The For Loop and Scope


January 8, 2020

One of the most common routine in Twig templates is the for .. endfor loop. It is the easiest way to iterate over all instances of an array or object in order to do something with the data.

Let’s imagine we have a group of regular posts from the normal posts post-type. A regular loop looks like this:

{% for item in posts %}
   <h2>{{ item.title }}</h2>
    {{ item.content }}
{% endfor %}

But what does that do, really? That’s fairly easy to break down.

The first line breaks down the posts variable in individual posts, and in this particular example we ask it to store each iteration as the variable item.

We could have asked it store it as variable name i or single, or some other made up name. Just make sure you pick a new, unique variable name.

The last line tells it when to end the for-loop. The code will not exit the loop until the end is reached. Unlike php or other programming languages, twig does not have a method to exit the loop prematurely.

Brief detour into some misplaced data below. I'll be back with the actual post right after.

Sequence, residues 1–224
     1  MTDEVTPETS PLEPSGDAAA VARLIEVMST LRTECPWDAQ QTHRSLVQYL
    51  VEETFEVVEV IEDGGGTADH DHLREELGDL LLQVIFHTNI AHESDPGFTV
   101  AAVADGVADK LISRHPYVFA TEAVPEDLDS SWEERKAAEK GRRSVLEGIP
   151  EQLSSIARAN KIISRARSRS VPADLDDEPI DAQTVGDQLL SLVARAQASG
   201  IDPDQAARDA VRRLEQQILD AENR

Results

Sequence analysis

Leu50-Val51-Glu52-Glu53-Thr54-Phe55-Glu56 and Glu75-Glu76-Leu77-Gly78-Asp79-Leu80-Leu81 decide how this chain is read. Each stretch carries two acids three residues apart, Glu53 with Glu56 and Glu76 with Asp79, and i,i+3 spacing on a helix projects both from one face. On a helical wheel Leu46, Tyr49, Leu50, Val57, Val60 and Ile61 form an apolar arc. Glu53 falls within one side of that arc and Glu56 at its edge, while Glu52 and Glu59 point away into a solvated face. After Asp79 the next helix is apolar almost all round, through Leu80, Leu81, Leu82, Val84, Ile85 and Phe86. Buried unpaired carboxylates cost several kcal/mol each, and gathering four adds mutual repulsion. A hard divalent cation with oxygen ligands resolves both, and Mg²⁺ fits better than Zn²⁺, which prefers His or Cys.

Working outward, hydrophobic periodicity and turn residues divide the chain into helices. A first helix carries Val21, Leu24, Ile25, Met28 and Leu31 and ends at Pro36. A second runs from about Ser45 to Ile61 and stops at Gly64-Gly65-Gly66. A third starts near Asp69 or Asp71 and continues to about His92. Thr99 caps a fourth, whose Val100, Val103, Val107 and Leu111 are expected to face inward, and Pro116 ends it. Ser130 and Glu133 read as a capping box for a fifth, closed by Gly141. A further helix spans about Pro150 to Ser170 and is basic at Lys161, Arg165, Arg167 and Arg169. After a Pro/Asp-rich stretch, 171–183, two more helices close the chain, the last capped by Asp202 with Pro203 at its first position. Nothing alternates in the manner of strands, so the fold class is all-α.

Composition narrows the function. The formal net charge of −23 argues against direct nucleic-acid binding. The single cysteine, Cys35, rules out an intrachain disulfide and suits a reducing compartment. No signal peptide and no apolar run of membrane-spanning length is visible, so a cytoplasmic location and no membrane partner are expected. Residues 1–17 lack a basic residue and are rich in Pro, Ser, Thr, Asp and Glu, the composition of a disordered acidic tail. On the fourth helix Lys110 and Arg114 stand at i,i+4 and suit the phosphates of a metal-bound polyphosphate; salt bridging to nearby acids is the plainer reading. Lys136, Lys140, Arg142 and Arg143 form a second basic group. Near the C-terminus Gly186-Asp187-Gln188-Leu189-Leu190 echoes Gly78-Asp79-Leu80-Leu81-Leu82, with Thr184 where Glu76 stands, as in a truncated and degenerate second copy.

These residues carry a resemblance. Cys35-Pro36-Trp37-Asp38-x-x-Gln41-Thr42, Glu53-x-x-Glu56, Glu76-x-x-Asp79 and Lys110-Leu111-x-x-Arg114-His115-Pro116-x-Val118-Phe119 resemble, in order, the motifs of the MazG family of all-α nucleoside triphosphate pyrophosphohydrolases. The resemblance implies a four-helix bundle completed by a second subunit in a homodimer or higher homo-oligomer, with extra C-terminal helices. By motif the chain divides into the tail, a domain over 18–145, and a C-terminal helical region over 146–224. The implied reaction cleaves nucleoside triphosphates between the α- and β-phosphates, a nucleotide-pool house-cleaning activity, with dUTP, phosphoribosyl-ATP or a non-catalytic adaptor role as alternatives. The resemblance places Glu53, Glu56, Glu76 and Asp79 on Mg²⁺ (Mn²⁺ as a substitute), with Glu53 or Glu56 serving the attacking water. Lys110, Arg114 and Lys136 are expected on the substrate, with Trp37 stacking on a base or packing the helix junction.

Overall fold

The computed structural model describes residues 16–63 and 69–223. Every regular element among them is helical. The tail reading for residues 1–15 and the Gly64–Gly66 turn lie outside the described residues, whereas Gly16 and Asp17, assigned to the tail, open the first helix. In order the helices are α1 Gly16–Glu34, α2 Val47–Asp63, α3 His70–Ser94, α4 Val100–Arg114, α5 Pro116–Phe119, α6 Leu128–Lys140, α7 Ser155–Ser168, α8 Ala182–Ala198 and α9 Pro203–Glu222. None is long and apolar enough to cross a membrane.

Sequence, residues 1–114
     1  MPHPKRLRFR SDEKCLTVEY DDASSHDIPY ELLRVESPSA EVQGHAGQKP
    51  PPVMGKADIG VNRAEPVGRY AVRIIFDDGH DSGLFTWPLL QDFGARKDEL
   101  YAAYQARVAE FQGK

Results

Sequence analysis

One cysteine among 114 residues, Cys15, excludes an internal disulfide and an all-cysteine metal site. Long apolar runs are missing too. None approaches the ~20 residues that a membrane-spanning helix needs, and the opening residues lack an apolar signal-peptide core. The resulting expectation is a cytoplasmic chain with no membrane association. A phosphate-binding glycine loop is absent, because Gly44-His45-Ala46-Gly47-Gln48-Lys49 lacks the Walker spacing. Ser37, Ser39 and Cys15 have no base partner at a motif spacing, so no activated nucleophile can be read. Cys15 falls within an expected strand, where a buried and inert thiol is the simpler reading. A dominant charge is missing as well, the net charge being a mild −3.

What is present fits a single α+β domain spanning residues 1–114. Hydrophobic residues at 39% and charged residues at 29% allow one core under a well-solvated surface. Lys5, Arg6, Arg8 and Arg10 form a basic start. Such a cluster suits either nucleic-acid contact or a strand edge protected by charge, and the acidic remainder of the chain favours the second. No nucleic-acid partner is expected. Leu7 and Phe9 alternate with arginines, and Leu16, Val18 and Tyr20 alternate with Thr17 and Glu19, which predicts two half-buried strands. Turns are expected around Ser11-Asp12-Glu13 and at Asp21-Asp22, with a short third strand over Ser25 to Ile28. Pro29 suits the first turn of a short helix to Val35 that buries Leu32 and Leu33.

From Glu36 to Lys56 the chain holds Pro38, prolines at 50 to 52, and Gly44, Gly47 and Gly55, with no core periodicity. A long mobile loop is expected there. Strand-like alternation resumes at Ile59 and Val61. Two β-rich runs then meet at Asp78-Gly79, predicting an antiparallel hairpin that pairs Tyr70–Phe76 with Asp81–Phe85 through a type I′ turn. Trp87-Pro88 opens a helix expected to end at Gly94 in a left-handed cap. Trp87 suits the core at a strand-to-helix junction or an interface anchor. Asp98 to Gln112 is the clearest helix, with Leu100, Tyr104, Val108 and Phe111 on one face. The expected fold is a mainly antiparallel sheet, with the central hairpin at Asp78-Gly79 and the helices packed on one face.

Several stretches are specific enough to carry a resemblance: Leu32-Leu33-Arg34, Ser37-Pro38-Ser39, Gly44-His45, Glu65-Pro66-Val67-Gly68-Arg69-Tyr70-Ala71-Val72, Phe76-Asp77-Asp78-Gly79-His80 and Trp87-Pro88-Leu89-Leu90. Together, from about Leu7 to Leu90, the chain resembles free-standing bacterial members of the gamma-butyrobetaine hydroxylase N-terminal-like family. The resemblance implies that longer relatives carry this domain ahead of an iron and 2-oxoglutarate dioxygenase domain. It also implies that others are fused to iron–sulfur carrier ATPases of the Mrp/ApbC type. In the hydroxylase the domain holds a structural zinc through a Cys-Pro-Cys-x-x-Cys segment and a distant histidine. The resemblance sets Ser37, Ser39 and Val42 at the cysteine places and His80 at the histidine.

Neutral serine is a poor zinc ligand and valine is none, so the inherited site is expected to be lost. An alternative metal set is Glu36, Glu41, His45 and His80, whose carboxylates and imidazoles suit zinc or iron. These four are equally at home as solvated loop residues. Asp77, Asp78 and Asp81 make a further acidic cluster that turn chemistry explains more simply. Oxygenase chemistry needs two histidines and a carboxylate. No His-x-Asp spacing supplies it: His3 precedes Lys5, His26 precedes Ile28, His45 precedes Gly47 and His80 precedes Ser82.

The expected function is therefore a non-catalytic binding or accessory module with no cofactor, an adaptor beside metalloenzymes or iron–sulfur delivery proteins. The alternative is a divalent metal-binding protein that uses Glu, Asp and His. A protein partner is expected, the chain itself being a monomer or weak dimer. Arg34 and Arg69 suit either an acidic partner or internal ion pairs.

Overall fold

Loop scope

Everything that happens in between the for-endfor loop has a certain scope. variables that didn’t exist BEFORE they entered the loop can be created, but will be destroyed when the loop exits. That’s why we need to pick a variable name that’s new and unique. The variable item is recreated over and over again and destroyed on the last exit as if it never existed.

Loop variable

Besides the loop scope (when variables live), there is also a loop variable. The variable can be used to keep track of the number of items that already have been shown, or perform mathematical expressions.

{% for item in posts %}
    <h2>Item #{{ loop.index }}: {{ item.title }}</h2>
    {{ item.content }}
{% endfor %}


Web ninja with PHP/CSS/JS and Wordpress skills. Also stand-in server administrator, father of four kids and husband to a beautiful wife.
Always spends too much time figuring out ways to do simple things even quicker. So that you can benefit.